Bamboo provides a stable and abundant year-round food supply, and is not exploited by many other species, and the giant panda has evolved to fill a very special niche. However, at the same time, it's lost the dietary flexibility that is seen in most other bear species, which are capable of feeding on a wide range of items, both animal and vegetable in origin.

Giant Panda
(Photo by Smithsonian Wild)

The giant panda could presumably prosper on a diet similar to that of other bears, though that raises the question of why we don't have more records of giant pandas eating meat, or even other more nutritious plant matter such as berries and bark. Captive giant pandas certainly seem to do alright when foodstuffs other than bamboo are incorporated into their diet, though I wonder if any zoo would ever allow its precious giant pandas to be raised on a diet more suited for say, a brown bear.

Giant panda eating apple, Berlin Zoo;
(Photo by AnthonyGurr)

Grizzly Bear eating Salad
Salad for the grizzly bear, San Francisco Zoo;
(Photo by wynner3)

Fish for the grizzly bear, San Francisco Zoo;
(Photo by birdbuddy)

Perhaps, given enough time, giant pandas may become even more specialised for feeding on bamboo, and lose even these occasional cravings for meat. Or there may come a stage, several millenia in the future, where in the face of ecological changes, giant pandas end up returning to a more varied diet akin to that of other bears. Of course, this depends on the continued long-term survival of giant panda populations in the wild. Far from a dead end doomed to go extinct, I like to think of the giant panda as an evolutionary success story, and it is interesting to consider how an animal like the giant panda has evolved to become a vegetarian and managed to survive, despite retaining so much baggage from its carnivorous ancestry.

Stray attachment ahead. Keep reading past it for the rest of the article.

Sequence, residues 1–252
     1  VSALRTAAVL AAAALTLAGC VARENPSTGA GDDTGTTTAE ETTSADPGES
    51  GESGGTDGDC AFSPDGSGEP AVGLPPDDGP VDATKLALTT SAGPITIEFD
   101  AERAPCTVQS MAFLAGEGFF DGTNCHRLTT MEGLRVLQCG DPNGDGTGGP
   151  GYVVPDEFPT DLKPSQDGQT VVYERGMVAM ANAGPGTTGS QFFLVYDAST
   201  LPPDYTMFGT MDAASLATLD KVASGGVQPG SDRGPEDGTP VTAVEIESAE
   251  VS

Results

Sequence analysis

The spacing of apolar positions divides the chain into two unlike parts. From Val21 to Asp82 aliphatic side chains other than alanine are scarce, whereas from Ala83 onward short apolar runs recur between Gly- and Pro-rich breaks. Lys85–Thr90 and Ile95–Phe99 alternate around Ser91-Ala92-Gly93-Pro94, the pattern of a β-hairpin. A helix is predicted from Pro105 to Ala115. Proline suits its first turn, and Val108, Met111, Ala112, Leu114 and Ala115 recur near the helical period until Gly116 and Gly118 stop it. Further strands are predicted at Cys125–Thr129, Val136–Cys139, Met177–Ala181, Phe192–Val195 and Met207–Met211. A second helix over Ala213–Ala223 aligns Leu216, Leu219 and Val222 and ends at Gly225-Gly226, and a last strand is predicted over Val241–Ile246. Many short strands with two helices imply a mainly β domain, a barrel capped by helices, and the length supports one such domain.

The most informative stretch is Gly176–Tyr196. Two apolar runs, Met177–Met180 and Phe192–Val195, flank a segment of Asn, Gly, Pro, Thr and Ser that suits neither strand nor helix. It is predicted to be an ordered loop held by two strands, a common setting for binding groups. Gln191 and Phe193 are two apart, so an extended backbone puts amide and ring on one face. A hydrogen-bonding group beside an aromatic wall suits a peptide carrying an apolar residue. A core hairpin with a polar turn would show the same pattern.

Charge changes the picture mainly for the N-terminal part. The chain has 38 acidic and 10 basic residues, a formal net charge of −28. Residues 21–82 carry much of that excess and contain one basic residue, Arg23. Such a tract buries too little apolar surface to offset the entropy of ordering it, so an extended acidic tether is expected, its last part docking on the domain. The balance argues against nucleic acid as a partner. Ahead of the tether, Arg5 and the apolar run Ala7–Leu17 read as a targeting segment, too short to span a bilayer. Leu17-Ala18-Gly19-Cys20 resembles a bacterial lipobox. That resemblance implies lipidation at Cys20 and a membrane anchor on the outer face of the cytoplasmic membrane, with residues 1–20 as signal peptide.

1 comment:

Rick MacPherson said...

This is a great post, Ivan! I'm actually enjoying to some extent the shattering of comfortable mythologies (mostly I think entrenched in the West) of Pandas as very large plush toys.

I'm glad you point out the seasonal (or life cycle) fluctuations that can drive dietary selections as well.

I'm trying to hunt down a study I recall reading several years ago in Science about how herbivorous ungulates (in this case sheep) were documented to actively graze on rodents (voles) as a means of supplementing calcium-deficient diets.

The mental image of sheep happily lobbing-off vole heads for dinner would probably be enough to put consumers off their cheese and mutton.